Since the first CIA Predator drone strike in October 2001, the United States, among others, has sought to expand the technology to facilitate remote warfare. UN peacekeeping forces use drones for intelligence gathering in such places as Mali, the Central African Republic, and the Democratic Republic of the Congo. The commercial drone industry is booming and is expected to only grow further with hobbyists using off-the-shelf quadcopters for their scenic vantage points and Amazon’s prospective drone deliveries to customers. Even insurgents are beginning to incorporate this new technology into their arsenals, setting their sights on recruitment messaging, intelligence collection, and explosives delivery.
But what if drones could be used for humanitarian purposes? The technology has already transformed the conduct of war; could it also transform approaches to aiding the victims of conflict, disease, and natural disasters?
In fact, the process is already underway, albeit slowly. There are, however, challenges that must be addressed for drone technology to fulfil its potential. This will require persistence beyond the initial hype, and it is not solely dependent on the humanitarian sector to tackle these challenges, but also that of the commercial and public sectors.
To understand how drones could transform the provision of humanitarian aid, it is important to first acknowledge the areas of difficulty humanitarians often encounter. Jack Chow, a former U.S. ambassador and the first Assistant Director-General of the World Health Organization on HIV/AIDS, Tuberculosis, and Malaria, points out that “the barriers to providing humanitarian aid are numerous and evolving. Chief among them are extensive operational obstacles that involve myriads of personnel, assets, and supply chain links. Complications and breakdowns among any operational components will cause delays and losses of aid. Chokepoints and tenuous routes invite corruption and pilferage.” Kristin Bergtora Sandvik, a professor at Peace Research Institute Oslo (PRIO) and co-founder and former director of the Norwegian Center for Humanitarian Studies, says that “the humanitarian sector struggles with lots of unresolved challenges with respect to obtaining adequate situational awareness for aid workers; getting sufficient information about the size and whereabouts of crisis-affected communities; and overcoming the logistical problems of timely and appropriately scaled last-mile delivery of cargo.”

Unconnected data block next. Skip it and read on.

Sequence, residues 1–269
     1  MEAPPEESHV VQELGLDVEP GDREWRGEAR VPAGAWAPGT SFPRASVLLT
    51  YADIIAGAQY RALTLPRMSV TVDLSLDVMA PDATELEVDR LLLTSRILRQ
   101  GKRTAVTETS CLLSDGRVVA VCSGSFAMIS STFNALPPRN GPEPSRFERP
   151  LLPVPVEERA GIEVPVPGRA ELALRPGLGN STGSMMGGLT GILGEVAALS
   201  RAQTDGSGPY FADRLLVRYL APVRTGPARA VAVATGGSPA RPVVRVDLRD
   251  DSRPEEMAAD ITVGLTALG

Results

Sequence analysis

The issue of supply chain logistics became a major hindrance in the timeliness of the international response to the 2014 Ebola epidemic in West Africa, particularly with fears of the virus spreading internationally. Drones could help alleviate some of these challenges through remote delivery of high-value, low-mass goods such as everyday medicines as insulin, antibiotics, and painkillers, or of communications equipment such as phones and computers, to areas otherwise inaccessible due to hard terrain, natural disaster, or conflict. For example, in Malawi, UNICEF sees drones as a method of transportation for blood work to help HIV testing, while in Rwanda, a humanitarian drone startup known as Zipline is also delivering blood supplies to remote hospitals in the region.
Similarly, the negotiation of humanitarian access in conflict and post-conflict countries often includes tradeoffs between an organization’s freedom of movement and concessions made to local authorities operating in a vacuum of formal government control. However, as Sandvik points out, even if drones could potentially replace caravans of trucks to mitigate the problem of access, “most of the models offered by the drone industry are too expensive for the humanitarian sector and the available models often not powerful enough to stay for any significant time in the air,” let alone “transport tons worth of relief items.”